Jay Diamond – Colobus toy monkey come to life – has been woken from a post-booze lie-in. He can hear snippets of conversation coming through the open window, but the piece which catches his attention is the phrase 'I'll be late for school'.
It's rather a lovely thing to hear – especially when that entire listening-to-adults thing is in the past and it's not you having to show a bit of keenness and slog your way to the coalface of education, but rather your main decision is whether to get up or not.
There is a banging at his front door. Before Jay can finish the debate in his head about how much sound a pillow clasped over his head will drown out, it comes again. He slips on a few clothes to give some semblance of decency and goes downstairs.
When he opens his front door, a young boy stands before him with an expression suggesting he is auditioning for Oliver Twist. Jay guesses that it is one of the children from the single-parent family who have recently moved into the adjoining house. The boy is smartly dressed in a new school uniform, except he is not wearing a coat, is unperturbed at discovering Jay is a toy monkey come to life, and does not seem to disapprove of the state of Jay's just-out-of-bed uncombed fur.
"My jacket's locked in the door," he says and holds out his phone for Jay to take.
"Your jacket?" Jay says, putting the phone to his ear.
The boy nods.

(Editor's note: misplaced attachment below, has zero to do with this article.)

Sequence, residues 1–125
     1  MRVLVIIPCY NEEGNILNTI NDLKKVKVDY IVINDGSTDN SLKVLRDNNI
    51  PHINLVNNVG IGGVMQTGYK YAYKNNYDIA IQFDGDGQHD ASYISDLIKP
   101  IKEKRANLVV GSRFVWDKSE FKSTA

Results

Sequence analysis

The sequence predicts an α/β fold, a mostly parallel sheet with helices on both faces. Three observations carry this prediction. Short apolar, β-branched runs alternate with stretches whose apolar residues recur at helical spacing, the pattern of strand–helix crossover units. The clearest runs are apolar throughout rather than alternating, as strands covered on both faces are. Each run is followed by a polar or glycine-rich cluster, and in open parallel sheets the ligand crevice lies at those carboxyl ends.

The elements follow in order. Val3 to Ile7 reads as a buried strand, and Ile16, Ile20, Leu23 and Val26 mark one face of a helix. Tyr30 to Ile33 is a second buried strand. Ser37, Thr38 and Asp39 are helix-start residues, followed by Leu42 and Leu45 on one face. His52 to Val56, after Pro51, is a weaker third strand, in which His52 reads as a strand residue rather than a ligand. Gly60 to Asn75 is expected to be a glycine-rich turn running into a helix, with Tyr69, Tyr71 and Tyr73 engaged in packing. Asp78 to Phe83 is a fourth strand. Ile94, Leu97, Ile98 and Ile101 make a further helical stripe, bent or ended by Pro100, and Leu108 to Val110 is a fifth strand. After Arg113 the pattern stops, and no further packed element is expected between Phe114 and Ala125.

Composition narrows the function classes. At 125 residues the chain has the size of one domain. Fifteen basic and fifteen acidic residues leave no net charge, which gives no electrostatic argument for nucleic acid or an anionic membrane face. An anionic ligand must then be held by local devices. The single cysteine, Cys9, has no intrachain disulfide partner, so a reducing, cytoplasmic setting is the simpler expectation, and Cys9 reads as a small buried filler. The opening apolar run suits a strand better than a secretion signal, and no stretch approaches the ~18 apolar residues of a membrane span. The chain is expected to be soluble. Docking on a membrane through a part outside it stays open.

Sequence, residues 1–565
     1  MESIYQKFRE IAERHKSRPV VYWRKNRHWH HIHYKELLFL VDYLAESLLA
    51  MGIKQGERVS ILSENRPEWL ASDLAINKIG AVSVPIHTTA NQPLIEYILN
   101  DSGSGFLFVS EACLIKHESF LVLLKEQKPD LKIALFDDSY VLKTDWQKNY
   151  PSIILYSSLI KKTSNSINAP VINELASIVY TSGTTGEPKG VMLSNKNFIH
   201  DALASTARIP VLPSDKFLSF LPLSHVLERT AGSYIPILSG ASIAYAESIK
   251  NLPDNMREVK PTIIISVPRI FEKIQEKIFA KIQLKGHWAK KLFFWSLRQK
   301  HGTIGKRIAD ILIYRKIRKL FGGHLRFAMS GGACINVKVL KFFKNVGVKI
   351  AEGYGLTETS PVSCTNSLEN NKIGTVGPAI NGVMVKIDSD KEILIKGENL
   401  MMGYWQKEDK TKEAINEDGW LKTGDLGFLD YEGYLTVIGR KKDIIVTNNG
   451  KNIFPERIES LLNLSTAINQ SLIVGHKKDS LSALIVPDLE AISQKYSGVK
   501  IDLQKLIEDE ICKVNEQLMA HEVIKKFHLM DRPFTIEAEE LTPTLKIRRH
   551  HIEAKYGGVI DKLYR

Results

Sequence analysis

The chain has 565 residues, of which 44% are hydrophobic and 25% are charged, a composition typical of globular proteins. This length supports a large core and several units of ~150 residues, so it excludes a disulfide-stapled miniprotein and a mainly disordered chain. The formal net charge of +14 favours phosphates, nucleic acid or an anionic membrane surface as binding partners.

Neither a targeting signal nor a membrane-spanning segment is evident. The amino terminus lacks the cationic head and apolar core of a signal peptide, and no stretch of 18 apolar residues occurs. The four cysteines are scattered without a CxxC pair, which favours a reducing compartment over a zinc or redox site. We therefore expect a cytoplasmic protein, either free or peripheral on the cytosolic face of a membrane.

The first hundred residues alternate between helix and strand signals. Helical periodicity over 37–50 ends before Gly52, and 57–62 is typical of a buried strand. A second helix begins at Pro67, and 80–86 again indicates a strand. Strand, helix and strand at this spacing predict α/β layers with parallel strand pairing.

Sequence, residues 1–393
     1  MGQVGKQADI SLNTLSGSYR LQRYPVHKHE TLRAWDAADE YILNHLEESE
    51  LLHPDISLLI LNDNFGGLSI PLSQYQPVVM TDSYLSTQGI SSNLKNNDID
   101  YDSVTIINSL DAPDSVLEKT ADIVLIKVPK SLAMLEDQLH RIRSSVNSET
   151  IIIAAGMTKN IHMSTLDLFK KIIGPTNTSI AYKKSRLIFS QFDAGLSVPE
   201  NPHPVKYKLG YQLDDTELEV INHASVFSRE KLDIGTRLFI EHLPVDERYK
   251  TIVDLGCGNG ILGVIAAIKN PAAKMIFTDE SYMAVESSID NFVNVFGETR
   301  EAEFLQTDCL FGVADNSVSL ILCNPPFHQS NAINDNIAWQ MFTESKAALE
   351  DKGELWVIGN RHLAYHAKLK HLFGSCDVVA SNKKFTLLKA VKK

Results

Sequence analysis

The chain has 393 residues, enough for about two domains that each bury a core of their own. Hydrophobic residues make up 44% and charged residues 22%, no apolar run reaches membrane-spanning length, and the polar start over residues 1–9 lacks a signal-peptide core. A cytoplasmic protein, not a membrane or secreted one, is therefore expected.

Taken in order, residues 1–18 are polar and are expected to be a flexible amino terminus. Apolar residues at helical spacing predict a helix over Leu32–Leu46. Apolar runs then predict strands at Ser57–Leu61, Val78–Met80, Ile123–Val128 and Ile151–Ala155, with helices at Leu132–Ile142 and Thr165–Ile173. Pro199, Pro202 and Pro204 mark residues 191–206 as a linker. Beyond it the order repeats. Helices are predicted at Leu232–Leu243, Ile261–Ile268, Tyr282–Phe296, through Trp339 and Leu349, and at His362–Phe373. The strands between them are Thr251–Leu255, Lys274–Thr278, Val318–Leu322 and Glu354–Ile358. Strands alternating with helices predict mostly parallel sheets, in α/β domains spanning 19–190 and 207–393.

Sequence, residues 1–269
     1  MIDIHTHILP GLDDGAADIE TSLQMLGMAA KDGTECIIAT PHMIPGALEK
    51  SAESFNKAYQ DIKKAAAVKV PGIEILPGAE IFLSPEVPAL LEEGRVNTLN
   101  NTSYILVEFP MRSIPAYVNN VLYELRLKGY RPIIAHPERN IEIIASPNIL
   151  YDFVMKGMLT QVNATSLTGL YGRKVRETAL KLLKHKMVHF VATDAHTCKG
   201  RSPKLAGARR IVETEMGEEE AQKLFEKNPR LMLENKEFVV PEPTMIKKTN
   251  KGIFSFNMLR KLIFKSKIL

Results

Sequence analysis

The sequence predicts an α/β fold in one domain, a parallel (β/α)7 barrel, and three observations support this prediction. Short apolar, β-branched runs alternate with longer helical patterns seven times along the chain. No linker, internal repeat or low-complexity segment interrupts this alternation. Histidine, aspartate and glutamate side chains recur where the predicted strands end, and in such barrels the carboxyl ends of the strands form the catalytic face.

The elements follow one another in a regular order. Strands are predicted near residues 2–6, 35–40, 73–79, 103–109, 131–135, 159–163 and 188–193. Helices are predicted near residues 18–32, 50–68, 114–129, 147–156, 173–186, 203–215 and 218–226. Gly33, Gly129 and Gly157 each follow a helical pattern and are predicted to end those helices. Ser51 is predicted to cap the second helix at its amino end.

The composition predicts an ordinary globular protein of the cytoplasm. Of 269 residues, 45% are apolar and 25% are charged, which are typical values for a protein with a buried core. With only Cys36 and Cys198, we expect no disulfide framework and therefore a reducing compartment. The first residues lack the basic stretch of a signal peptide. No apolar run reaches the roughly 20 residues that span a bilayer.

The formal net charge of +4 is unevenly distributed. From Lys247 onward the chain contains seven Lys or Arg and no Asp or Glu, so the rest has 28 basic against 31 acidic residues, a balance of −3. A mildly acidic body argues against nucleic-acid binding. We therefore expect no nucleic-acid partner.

"Oh, Jay," a female voice says. "He can't unlock the door. It's his first day at high school and he's got his jacket trapped." She pauses. "He's been crying."
Bemused, Jay wanders next door.
He finds the jacket caught by a lower corner flap, looking for all the world as if it has been apprehended trying to escape the house by slipping under the door. Above it, and dangling from a chain, is a brand new satchel-cum-briefcase. At the other end, and holding it suspended in mid-air, is a key in a lock.
Jay tries the key and finds it won't budge. He gets the boy to raise the bag to take the weight and strain off the key and promptly unlocks the door. The grateful boy recovers his jacket and his phone, and hurries off to school after a whispered and grateful-sounding thank-you.
It is only later in the day that Jay discovers the boy had been wearing the jacket when rushing out to school, but had not thought to wriggle out of it until he spoke to his mother on the phone. Jay finds the image hard to get out of his head and announces to anyone who will listen that he will pay good money to see the boy achieve the feat again.
He is delighted that there is still a full term to go.
And another five years.
Waiting can be fun.
Jay has discovered some malicious software on his PC. It is so designed that if he switches it on and walks away to do something else, rather than waste time waiting for it reach operating speed, the internet connection will fail. If he sits there, watching it performing its start-up routine, it will work. There has to be a proximity switch nearby for this to work, but Jay is damned if he can find it, though he has suspicions involving the touch-screen.
Next day, the boy leaves his front door wide open for any burglars to help themselves. Jay discovers this late in the morning and shuts it. Such incidents add to his sense of community.
Don't do the stupid things stupid people do.